Read more . . .


Wednesday, November 27, 2013

Nursing Home Care for Veterans

The VA provides “Community Living Centers”, or what used to be called Nursing Homes.  These are operated by the VA, and are usually in a Veterans Administration Hospital.  These Community Living Centers (CLC’s) provide rehabilitation for veterans recovering from injury and illness in the short-term, but also provide long-term skilled nursing care for veterans who need care for long periods of time for a service-connected injury.

For veterans rated at 70% service-connected or higher, or for those who need nursing home care for their service-connected injuries, the VA pays for their nursing home placement as part of their package of healthcare benefits.

The CLC’s are available for non-service connected veterans who are enrolled in VHA healthcare, and need short term services such as rehabilitation, hospice, respite, and for those waiting for placement in the community.


Read more . . .


Wednesday, February 20, 2013

Caregiver Appreciation

Expressing appreciation for the assistance received from caregivers is something that not many think about, but is certainly needed. Now some may say, “Why should I be grateful for help from someone I am paying?” Or in the case of family caregivers, “Aren’t family members supposed to take care of each other?” Research shows, however, that not only does expressing appreciation make the caregiver feel better about what they do, but also that the people expressing gratitude have a greater sense of well-being.

Expressing appreciation for something your caregiver has done for you does not require the eloquence of a public speaker, only a few words are all that it takes. Examples of some things to say thank you for are : “Your gentleness when helping me change positions really minimizes my pain. Thank you.


Read more . . .


Wednesday, January 23, 2013

The Importance of Making the Right Choice in Assisted Living

When families and seniors are looking at assisted living communities, it’s a momentous, life changing time. With so many options out there, it is important to get it right the first time.

It can be such an intimidating choice that many families come down with “analysis paralysis” and indefinitely postpone a decision out of fear of making the wrong choice.

Fortunately, the decision becomes easier as you expand your knowledge and visit several places.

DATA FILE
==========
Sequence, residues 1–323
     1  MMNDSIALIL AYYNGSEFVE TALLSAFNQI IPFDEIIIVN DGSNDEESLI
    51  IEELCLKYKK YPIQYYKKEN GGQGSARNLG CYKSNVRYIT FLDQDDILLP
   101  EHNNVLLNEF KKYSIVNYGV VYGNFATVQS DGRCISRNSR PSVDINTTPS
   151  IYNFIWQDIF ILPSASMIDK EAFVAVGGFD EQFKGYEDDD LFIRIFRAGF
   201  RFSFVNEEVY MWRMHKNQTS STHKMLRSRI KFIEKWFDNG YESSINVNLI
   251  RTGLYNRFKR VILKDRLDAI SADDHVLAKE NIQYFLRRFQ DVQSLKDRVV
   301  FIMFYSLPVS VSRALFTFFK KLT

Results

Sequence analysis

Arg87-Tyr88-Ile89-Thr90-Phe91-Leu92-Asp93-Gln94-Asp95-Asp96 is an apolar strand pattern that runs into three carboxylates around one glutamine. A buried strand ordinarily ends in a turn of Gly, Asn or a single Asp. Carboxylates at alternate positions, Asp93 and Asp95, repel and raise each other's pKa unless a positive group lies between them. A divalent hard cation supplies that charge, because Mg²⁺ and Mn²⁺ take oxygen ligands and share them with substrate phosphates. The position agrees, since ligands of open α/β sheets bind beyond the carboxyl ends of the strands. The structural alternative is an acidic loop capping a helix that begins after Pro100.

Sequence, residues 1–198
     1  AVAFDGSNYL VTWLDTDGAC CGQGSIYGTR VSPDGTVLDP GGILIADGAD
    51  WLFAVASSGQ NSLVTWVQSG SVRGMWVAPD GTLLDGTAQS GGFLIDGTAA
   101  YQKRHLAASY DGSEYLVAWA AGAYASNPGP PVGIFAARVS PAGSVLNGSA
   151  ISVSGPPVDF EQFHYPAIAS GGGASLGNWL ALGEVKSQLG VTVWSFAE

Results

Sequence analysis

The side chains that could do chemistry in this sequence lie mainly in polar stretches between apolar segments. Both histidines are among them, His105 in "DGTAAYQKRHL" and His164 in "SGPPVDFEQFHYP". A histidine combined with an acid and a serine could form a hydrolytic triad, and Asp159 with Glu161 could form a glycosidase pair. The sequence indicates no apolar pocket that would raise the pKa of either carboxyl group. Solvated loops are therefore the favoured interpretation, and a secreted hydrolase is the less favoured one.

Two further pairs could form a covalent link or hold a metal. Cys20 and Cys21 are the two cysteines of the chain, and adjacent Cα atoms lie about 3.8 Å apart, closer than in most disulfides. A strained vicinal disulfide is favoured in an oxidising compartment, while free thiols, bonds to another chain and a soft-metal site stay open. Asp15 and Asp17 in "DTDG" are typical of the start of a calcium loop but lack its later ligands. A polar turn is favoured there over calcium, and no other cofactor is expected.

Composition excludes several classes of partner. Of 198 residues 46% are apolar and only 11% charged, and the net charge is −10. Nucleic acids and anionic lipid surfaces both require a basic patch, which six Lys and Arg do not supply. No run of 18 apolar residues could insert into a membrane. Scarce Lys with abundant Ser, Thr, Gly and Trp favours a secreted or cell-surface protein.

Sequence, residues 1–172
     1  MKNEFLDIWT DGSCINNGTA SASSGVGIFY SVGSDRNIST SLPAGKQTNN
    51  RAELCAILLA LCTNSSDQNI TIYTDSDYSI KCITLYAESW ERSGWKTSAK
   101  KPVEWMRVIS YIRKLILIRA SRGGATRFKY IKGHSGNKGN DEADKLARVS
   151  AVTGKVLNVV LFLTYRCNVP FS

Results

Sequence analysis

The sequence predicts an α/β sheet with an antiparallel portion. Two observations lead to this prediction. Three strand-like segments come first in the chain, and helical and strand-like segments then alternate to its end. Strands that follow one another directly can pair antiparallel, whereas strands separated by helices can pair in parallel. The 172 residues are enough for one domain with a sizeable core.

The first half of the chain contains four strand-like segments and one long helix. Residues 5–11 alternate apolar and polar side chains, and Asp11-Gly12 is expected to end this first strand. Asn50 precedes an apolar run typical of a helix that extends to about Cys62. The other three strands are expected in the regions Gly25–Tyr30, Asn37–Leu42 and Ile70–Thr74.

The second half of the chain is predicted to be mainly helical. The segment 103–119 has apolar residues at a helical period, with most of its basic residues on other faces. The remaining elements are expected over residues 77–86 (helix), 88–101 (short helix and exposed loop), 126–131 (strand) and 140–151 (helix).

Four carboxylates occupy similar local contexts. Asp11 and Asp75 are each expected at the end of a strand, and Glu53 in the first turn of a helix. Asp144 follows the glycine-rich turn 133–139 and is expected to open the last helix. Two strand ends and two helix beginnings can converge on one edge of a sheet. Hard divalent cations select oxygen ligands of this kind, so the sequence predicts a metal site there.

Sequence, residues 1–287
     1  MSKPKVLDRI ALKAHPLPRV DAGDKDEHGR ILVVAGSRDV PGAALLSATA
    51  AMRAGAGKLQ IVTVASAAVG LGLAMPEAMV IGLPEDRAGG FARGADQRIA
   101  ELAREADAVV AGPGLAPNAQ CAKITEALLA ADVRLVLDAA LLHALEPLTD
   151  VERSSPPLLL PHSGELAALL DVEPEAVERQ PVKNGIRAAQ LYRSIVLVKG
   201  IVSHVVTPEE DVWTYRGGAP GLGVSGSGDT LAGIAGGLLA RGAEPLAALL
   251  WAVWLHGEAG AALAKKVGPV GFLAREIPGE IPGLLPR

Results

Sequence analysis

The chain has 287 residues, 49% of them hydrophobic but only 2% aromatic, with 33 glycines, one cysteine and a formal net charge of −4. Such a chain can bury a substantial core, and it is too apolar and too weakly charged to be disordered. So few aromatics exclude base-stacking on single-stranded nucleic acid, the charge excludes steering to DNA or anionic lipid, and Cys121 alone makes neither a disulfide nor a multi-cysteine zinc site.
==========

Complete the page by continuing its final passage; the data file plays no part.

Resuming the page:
Read more . . .


Tuesday, December 20, 2011

Holiday Traditions: Really Check in With Your Neighbors and Relatives

On Friday night, we gathered with neighbors old and new to celebrate a cherished tradition – our annual progressive dinner.  Traditionally, we begin the year.  We find out about the new babies, weddings and graduations to come.  We learn what colleges the children will attend, and where soon-to-be college graduates will start their careers.  We also check in on aging neighbors to find out about their health scares, their difficulties, the loss of their loved ones.  After moving from house to house for salads, and main courses, we end up with more wine and sweet treats to reminisce about dinners past.  How many have we had?  No one can remember.  But by the end of the evening, we’re looking forward to next year’s dinner, and assigning tasks to make it happen.

Continuing this tradition is important to my family and my neighborhood because it allows us to connect with our neighbors, to get to know them when times are good so that we can help each other when times are not so good.  Without our traditional yearly gathering, we might not realize when our neighbors need our help.

In my practice, I see many people who see their aging or ill family members and friends at the holidays and realize that all is not well.  Sometimes, all has not been well for so long that those family members are now in crisis.

If you are visiting family members who are aging or ill, take the time to talk with them to find out about their health.  Are they seeing a doctor?  What medications are they taking?  How do they keep track of their medications on a daily basis?  Ask them if they have a healthcare proxy or advance directive for healthcare?  Who will make healthcare decisions for them if they are not able?

Although it can be difficult to have a conversation with parents about their finances, ask them if they have appointed someone to make financial decisions for them if they are not able.  Look around the house and see if there are stacks of unopened bills.  Find out if they have long-term care insurance.  Ask where their important financial and legal documents can be found.  If they haven’t appointed anyone to make decisions for them, urge them to do that while they still can.

If your aging family members are still driving, ride with them to see if they are still able to drive safely.  Are they stopping at the stop signs?  Do they forget to look before making a turn?  Do they still remember how to get to places they have been to many times before or do they forget where they are going?  If they are having trouble driving, would a driving school help?  Or, can you help them find transportation so they won’t need to drive anymore?